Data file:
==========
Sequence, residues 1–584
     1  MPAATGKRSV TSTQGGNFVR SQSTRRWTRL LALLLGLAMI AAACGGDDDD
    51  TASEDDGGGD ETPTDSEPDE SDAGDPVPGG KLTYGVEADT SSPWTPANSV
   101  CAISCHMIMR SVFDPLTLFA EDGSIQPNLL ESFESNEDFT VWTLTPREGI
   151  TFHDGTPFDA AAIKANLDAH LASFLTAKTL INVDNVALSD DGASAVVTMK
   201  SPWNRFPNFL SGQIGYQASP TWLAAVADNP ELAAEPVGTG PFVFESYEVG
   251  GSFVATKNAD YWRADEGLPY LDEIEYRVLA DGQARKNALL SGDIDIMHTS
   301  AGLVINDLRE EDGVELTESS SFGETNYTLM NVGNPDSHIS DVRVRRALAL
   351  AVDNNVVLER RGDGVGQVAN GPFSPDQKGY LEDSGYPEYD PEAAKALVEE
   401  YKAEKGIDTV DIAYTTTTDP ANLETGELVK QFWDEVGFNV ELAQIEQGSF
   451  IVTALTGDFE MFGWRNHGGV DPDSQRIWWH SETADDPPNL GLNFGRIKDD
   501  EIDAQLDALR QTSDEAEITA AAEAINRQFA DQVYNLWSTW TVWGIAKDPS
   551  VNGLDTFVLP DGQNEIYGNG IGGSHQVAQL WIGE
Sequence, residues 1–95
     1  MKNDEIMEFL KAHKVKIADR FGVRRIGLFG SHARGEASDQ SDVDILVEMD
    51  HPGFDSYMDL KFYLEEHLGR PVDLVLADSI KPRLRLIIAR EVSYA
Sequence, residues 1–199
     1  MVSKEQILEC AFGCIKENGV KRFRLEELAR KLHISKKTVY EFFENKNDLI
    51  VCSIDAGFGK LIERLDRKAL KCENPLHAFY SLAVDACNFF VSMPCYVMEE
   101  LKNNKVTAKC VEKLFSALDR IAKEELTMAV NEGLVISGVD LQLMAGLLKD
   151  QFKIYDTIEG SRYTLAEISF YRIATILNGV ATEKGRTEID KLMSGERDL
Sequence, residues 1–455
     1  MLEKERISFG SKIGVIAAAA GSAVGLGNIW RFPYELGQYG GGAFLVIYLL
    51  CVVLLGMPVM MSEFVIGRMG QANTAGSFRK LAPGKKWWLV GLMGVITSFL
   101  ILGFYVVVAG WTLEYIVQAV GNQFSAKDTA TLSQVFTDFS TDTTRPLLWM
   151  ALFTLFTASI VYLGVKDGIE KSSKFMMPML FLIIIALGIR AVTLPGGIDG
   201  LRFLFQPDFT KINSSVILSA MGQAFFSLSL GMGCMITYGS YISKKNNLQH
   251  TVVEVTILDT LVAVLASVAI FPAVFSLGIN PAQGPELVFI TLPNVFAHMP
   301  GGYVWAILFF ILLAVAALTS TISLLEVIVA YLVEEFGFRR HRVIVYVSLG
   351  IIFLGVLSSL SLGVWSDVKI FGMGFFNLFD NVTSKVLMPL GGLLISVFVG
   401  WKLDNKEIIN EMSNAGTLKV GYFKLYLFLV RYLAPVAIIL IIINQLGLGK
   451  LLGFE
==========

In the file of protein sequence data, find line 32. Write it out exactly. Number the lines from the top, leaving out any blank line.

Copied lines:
   451  LLGFE